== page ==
ISSUE: The validity of BOTA's decision

HELD: Because the property at issue is commercial property, the county had the burden of production and persuasion before BOTA. The county's valuations were not based on actual views and inspections of the buildings. Moreover, the carryover data relied on by the county has been deemed unconstitutional, a decision that had been made at the time of the BOTA hearing. Because she did not personally appraise the subject properties, the county's expert could not offer a valid opinion of value. Conversely, Target's expert's appraisal was appropriate and complied with Kansas law. BOTA's decision was reasonable.

STATUTES: K.S.A. 2016 Supp. 74-2426(a), -2426(c), 77-603(a), -621(a), -621(c), -621(d), 79-501, -503a, -505, -506(a), -1609; K.S.A. 79-501, -1455


constiutional law—criminal procedure—fourth amendment—search and seizure
state v. hadley
sedgwick district court—affirmed
No. 115,428—December 22, 2017

FACTS: Hadley was convicted of possession of marijuana after a prior conviction. The marijuana was discovered in Hadley’s undergarment during a law enforcement search subsequent to a traffic stop. Hadley argued the warrantless search based on the odor of marijuana lacked probable cause in violation of her Fourth Amendment rights. On appeal, she claimed the district court erred in denying her motion to suppress this evidence.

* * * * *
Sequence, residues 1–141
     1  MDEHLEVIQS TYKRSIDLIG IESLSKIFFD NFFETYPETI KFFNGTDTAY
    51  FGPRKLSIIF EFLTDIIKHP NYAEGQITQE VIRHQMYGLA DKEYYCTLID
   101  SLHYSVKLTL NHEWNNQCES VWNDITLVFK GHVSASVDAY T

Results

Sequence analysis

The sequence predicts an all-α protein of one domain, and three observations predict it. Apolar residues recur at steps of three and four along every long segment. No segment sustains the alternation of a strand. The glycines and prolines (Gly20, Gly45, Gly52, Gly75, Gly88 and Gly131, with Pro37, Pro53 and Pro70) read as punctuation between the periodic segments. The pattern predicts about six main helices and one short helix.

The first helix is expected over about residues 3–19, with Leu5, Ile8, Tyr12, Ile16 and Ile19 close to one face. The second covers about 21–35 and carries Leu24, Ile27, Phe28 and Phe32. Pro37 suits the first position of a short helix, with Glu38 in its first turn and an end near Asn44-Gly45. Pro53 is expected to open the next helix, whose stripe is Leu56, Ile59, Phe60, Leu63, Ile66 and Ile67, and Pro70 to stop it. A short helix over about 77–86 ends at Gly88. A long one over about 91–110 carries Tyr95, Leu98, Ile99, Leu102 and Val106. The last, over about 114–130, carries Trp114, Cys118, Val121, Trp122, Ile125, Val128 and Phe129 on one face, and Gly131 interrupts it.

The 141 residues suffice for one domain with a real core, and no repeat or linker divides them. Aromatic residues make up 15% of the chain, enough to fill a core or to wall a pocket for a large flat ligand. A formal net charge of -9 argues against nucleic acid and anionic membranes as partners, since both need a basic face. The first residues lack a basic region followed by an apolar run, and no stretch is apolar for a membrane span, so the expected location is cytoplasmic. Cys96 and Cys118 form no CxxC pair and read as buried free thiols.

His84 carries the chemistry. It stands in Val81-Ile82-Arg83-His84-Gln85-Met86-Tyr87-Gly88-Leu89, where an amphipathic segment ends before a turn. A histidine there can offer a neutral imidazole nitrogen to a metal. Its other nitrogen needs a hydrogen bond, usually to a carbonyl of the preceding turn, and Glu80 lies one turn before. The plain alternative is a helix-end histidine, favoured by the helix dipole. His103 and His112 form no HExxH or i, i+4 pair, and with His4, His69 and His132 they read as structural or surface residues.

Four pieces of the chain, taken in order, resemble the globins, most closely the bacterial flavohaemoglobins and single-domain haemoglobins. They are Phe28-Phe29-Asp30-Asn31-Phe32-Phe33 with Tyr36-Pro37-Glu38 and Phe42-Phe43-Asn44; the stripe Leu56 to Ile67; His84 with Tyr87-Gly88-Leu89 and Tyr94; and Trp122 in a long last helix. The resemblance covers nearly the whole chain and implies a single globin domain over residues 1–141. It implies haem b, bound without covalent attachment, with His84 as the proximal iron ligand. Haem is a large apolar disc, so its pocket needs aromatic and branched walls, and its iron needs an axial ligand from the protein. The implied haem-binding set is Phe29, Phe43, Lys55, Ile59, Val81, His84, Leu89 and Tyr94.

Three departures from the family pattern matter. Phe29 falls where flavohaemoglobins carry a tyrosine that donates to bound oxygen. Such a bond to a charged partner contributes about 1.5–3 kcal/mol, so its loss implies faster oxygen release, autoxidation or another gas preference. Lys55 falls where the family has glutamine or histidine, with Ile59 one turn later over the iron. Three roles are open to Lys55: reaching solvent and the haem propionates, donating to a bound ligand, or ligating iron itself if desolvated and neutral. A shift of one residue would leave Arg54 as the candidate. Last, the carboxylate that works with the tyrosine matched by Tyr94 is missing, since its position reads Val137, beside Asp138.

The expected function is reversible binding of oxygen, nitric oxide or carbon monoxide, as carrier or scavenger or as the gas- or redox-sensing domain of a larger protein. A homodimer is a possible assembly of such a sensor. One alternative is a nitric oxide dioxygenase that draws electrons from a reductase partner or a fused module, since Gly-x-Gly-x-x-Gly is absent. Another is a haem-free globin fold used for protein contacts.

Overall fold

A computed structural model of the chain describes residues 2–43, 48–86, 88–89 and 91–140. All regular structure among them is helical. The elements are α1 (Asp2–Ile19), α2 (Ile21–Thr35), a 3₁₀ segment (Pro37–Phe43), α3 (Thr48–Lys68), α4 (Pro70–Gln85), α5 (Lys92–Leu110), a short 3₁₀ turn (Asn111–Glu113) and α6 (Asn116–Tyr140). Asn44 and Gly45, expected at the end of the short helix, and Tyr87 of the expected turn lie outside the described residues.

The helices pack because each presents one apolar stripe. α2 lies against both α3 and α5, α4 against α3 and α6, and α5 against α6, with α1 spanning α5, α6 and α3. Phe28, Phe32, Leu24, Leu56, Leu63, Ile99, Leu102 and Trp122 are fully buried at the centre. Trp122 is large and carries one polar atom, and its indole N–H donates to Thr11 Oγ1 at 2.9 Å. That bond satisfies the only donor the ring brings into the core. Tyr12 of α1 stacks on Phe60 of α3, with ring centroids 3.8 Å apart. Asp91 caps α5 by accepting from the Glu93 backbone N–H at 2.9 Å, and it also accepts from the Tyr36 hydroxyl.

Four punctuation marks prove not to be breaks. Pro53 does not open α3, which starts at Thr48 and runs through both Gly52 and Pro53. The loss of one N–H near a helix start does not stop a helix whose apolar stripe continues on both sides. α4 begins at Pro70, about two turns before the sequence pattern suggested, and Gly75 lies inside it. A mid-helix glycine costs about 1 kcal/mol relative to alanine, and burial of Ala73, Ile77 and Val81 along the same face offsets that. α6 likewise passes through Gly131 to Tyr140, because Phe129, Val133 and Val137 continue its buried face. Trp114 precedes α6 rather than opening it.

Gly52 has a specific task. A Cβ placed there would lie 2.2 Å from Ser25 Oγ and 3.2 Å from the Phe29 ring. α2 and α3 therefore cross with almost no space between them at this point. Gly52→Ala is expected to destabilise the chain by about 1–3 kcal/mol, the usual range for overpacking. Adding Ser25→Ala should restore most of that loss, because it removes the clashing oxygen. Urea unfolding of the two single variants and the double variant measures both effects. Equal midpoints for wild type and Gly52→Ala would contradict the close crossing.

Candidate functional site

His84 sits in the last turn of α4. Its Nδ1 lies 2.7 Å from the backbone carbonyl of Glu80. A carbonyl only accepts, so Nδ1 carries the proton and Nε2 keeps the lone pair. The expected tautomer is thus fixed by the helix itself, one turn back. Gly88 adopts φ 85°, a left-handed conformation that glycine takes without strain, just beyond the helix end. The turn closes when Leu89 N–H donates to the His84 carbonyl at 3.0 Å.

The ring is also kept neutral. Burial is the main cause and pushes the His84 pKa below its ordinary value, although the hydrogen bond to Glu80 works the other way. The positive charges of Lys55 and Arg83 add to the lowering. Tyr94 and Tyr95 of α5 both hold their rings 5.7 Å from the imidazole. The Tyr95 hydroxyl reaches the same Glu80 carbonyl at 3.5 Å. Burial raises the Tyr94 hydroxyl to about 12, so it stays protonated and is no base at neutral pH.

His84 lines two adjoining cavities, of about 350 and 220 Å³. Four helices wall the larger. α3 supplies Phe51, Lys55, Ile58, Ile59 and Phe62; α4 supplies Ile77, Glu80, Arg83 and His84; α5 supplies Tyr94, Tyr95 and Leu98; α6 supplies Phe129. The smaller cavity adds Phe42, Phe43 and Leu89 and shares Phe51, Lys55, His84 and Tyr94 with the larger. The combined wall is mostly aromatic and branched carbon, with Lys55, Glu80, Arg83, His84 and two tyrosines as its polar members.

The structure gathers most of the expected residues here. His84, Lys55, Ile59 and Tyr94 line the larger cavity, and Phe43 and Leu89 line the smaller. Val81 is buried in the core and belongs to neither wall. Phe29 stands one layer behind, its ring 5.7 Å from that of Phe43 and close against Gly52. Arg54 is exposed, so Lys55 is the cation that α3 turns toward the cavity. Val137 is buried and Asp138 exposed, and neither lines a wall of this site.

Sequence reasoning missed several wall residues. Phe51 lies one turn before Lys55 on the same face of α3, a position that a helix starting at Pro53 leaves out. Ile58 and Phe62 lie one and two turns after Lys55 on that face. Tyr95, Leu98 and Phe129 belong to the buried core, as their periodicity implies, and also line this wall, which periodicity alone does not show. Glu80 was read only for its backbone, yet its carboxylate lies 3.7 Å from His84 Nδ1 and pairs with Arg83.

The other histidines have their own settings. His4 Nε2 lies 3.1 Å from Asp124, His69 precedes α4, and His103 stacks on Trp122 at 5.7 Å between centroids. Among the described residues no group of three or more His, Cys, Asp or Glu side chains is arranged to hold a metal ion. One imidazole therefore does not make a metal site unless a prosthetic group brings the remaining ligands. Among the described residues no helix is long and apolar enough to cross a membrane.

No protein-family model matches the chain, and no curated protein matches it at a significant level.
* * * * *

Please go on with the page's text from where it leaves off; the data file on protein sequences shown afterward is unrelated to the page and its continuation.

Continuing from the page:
ISSUE: Warrantless search based on probable cause with exigent circumstances

HELD: Court examined what constitutes probable cause when a person is searched without a warrant based, in whole or in part, on the odor of marijuana. Approach taken by other states, allowing search of a person based on odor of marijuana alone, is not adopted. State v. Fewell, 286 Kan. 370 (2008), is discussed and applied. Under totality of circumstances in this case, no error in district court’s ruling that the warrantless search of Hadley was based on probable cause with exigent circumstances.

STATUTES: K.S.A. 2013 Supp. 21-5706(b)(3), -5706(c)(2)(B); K.S.A. 8-125